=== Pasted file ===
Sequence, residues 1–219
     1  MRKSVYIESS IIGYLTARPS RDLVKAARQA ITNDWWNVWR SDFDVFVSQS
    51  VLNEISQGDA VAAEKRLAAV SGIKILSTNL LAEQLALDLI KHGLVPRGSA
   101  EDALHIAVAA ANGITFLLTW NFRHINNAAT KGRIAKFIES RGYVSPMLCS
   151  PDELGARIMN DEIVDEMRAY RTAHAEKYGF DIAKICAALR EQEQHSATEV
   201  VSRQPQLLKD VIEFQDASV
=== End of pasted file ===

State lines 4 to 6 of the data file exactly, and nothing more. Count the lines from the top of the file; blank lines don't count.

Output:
   101  EDALHIAVAA ANGITFLLTW NFRHINNAAT KGRIAKFIES RGYVSPMLCS
   151  PDELGARIMN DEIVDEMRAY RTAHAEKYGF DIAKICAALR EQEQHSATEV
   201  VSRQPQLLKD VIEFQDASV